ELECTRICAL ENGINEERING DESIGN PROCESS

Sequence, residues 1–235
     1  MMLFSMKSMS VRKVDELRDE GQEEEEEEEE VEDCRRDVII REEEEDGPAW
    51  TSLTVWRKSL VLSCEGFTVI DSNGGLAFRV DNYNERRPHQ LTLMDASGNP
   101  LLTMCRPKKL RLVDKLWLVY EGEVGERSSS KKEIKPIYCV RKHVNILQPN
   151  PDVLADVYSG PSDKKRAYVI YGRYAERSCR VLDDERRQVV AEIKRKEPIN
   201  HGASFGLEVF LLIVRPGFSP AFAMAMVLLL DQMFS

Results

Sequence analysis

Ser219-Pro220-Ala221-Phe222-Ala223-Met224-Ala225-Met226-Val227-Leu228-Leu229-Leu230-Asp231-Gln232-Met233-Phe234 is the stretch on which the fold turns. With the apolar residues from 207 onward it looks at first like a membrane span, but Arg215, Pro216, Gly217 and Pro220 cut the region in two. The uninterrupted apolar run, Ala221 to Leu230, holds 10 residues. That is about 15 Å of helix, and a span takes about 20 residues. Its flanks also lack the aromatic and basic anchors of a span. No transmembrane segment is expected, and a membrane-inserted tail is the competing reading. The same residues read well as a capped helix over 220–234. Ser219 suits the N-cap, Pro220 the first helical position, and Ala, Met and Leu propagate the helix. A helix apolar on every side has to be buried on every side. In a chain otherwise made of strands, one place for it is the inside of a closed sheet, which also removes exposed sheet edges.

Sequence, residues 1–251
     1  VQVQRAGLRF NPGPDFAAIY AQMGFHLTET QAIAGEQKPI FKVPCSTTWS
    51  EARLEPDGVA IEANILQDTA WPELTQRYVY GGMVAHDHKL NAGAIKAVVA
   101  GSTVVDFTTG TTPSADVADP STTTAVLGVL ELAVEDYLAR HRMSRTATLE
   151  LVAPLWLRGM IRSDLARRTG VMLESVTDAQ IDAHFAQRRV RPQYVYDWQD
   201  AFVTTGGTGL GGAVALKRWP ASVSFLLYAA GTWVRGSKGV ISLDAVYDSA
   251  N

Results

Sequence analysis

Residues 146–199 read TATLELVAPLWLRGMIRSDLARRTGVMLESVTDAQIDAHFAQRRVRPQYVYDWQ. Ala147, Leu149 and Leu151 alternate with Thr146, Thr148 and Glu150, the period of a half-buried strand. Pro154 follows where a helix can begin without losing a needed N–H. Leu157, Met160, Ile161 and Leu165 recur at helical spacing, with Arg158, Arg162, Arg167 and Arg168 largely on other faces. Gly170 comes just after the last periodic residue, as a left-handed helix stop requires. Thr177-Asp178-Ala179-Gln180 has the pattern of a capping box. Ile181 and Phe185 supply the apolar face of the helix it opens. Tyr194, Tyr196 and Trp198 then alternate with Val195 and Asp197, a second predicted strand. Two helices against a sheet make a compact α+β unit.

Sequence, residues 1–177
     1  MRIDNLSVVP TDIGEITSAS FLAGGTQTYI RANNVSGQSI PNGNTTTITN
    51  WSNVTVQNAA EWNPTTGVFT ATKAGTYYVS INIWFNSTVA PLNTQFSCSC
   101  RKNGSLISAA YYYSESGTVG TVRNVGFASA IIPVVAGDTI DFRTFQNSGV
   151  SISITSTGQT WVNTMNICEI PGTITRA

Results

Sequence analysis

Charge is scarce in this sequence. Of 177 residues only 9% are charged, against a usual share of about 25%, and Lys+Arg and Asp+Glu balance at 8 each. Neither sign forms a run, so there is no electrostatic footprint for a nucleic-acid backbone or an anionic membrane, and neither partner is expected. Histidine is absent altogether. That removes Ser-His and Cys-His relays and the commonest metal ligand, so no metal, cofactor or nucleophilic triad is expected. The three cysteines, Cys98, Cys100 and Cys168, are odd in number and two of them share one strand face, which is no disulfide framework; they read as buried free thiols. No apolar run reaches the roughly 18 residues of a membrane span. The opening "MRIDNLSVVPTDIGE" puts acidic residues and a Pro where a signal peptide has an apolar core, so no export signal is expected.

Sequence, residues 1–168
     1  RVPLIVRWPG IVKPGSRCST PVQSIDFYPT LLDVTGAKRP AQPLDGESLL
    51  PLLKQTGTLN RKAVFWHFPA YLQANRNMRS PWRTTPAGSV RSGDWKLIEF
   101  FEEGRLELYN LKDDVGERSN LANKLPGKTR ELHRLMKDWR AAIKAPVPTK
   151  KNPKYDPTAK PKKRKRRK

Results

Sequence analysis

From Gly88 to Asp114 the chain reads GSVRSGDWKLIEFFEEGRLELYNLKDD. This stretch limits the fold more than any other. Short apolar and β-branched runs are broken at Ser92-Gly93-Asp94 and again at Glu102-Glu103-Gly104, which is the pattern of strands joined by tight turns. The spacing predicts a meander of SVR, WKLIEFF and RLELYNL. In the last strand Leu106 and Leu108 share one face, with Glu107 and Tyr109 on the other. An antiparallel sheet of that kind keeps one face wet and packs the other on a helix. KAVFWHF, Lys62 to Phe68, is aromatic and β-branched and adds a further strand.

Depending on the client, specific codes need to be followed while others are used for recommendations. Example of electrical engineering codes, guidelines, standards, and recommendations are as follows: National Fire Protection Association (NFPA, a.k.a. National Electrical Code) 70 is the electrical code, NFPA 99 is the Health Care Facilities Code which has specific electrical code requirements for health care facilities, and NFPA 77 is the Recommended Practice on Static Electricity. An understanding of what is mandatory, standard, or recommendation needs careful attention during the electrical system design process. The electrical system consists of power distribution, emergency, lighting, grounding, and other disciplines. Other disciplines include telecommunication, fire alarm, and mechanical coordination, to name a few. Regarding power distribution, the first consideration is to estimate the building load. What is the total power consumption (KVA) or current (Amps) of the building? Coordination with the service entrance or utility company will be required to confirm what voltage is available, the size of the service transformer, and the short circuit contribution to the system. Once the estimated load is determined and coordination with the utility company is completed, sizing major electrical distribution equipment can begin. Major electrical distribution equipment includes switch-gears, switchboards, transformers, motor control centers, and panel boards. The emergency system for the building is analyzed and determined based on its occupancy as determined by NFPA and specific client-mandated codes, such as the Unified Facilities Code (UFC) for military installations. Major equipment for the emergency system includes generators, ATS, UPS, parallel switch-gears, etc. Studies are conducted using manual or software techniques to determine and confirm the sizes of the power distribution and emergency equipment. Another important system is lighting. The lighting design process begins with identifying the intended use of each areas or room. The Illuminating Engineering Society of North America provides standards for minimum lighting requirements, measured in foot-candles. Grounding, which is the most important system of all from a safety standpoint, provides protection against electrical shocks and hazards to occupants. The grounding conductor is installed in direct contact with the metal enclosure that will provide a direct path back to earth, rather than through the next person touching the metal enclosure. The importance of grounding is highlighted if the insulation on the wires has deteriorated or burned due to overload, and is now exposed and in contact with the metal enclosure. This general overview of the electrical design process gives an understanding of the importance of the statement of work, the electrical codes and standards, and the electrical systems involved.